Pryer described how British Airways is working to increase efficiency within maintenance and engineering. One challenge, according to Pryer, is that traditional IT systems require too much manual intervention for processing technical documentation and revisions. While BA’s current approach provides acceptable quality, it is very labor intensive with aspects of the process being monitored and managed using spreadsheets. There are no automated checks and balances to validate and approve data changes, which creates delays and increases costs. As Pryer stated during the webinar, “The system works well, and we produce quality, so the case for [process] change is not around quality. Rather, it’s driven by new documentation formats, and the need to modernize, reduce costs, increase efficiency and conserve resources.”
Technical documentation goes through frequent, sometimes complex revisions. Yet it’s critical to keep that content updated and synchronized with other IT systems, because technical documentation is the key to communicating important changes throughout an MRO ecosystem, and is the foundation for compliance. Outdated tech pubs information creates a ripple effect that impacts inventory, maintenance and compliance decisions. For airlines and MROs looking to make meaningful business improvements it’s essential to automate tech pubs processes. (Enigma offers solutions such as Enigma InService MRO, InService Revision Manager and InService Job Card Generator.)
But automating tech pubs is only one part of the solution. Integrating tech pubs with the master parts list (MPL), inventory and “as-maintained” configuration for each aircraft is the other key to improve efficiencies throughout the MRO environment. That’s why Te Hau from SAP stressed the importance of integration and configuration control to “increase efficiencies in the supply chain, improve compliance and reporting, and to manage down maintenance costs and inventory to best match fleet requirements.” To minimize delays and costs, it’s important to keep inventory synchronized with the airline’s fleet (provisioning). This requires configuration management to know the parts that are already on an aircraft and the parts that are allowed, which in turn affects maintenance planning, execution and compliance.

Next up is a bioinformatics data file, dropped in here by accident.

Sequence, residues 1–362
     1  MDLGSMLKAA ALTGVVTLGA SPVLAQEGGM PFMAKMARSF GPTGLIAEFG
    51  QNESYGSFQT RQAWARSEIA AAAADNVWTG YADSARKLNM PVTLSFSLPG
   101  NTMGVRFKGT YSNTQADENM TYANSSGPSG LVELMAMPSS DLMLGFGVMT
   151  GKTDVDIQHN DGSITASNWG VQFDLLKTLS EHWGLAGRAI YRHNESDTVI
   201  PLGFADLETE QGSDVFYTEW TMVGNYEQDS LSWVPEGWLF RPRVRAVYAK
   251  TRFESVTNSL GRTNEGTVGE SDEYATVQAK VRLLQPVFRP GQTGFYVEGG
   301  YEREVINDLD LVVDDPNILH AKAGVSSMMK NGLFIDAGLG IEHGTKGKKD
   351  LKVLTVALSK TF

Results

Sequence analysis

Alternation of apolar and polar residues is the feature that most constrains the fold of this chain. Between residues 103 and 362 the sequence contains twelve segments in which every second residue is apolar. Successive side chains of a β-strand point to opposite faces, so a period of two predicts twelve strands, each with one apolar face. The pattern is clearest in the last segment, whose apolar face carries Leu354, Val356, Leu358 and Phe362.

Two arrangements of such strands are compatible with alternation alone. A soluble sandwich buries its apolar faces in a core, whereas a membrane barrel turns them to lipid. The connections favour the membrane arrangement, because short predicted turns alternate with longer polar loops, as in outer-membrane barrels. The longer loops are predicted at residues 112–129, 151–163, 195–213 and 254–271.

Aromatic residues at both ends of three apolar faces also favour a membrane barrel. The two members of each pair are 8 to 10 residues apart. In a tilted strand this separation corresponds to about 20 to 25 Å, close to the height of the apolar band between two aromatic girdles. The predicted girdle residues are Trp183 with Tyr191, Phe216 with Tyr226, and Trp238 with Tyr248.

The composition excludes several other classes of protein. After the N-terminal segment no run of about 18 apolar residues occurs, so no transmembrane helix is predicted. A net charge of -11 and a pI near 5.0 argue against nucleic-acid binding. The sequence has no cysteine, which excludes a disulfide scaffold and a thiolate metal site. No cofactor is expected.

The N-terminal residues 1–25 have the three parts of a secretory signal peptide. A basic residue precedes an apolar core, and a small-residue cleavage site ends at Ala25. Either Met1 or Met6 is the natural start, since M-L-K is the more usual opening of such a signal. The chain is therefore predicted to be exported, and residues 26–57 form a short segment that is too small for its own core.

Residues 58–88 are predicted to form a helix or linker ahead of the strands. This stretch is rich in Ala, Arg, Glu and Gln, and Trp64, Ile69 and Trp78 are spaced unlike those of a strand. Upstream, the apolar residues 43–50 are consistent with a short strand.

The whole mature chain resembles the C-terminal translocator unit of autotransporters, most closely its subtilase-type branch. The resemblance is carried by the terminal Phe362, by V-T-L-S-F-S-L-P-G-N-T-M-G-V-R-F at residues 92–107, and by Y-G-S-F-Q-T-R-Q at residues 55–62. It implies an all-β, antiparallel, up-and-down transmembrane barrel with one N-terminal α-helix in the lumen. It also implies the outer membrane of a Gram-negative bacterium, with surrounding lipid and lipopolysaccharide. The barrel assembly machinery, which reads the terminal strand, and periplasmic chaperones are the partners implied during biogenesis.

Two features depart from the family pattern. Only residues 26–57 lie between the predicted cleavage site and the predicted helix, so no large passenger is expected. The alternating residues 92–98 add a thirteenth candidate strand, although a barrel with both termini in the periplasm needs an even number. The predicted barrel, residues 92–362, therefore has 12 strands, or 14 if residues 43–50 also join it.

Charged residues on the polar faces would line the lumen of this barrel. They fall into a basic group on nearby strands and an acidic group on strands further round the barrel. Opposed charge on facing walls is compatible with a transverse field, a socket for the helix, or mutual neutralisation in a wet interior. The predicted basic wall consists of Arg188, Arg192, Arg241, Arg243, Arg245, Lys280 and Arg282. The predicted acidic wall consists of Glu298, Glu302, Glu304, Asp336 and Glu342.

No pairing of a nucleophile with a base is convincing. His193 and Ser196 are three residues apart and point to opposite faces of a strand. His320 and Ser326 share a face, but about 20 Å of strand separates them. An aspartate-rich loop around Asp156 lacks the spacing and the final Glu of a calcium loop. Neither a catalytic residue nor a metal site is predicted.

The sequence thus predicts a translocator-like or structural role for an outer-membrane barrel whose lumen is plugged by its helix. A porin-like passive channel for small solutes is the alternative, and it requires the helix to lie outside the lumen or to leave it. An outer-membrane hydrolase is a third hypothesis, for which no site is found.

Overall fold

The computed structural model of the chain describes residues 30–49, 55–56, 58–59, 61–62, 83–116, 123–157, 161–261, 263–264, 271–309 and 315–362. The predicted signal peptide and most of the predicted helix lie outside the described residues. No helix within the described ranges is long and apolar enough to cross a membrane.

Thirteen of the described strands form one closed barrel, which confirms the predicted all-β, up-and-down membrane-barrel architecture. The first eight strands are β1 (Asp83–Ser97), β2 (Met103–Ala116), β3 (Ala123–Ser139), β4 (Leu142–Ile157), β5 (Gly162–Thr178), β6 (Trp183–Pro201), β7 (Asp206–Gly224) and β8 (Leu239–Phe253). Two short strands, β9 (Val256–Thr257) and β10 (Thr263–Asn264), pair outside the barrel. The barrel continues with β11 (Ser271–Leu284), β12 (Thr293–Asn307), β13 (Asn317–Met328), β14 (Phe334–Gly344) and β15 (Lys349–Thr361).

The problem for many MRO organizations today is that traditional configuration management and inventory systems don’t integrate technical documentation, and so it is difficult to compare the as-allowed part numbers (from the IPC), the as-planned parts (from the MPD/MPL), and the as-maintained structure of the aircraft (from the MRO/ERP). An integrated MRO IT system brings together technical documentation, the MPL, the maintenance planning documents (MPD) and the as-maintained structure, to provide one consistent view of configuration control, inventory and maintenance requirements.
“We want everything centered around a single, central content repository, with automated revisions, reduced paper format, and a standardized, streamlined approach,” said Pryer. “That is our vision. We are aiming to achieve an integrated workflow, automated tracking and revisions, and application directly to the source documentation.” Pryer also noted that British Airways needs a scalable solution to accommodate their growing third party MRO business, and the need to be “ready for future technologies, especially mobile.”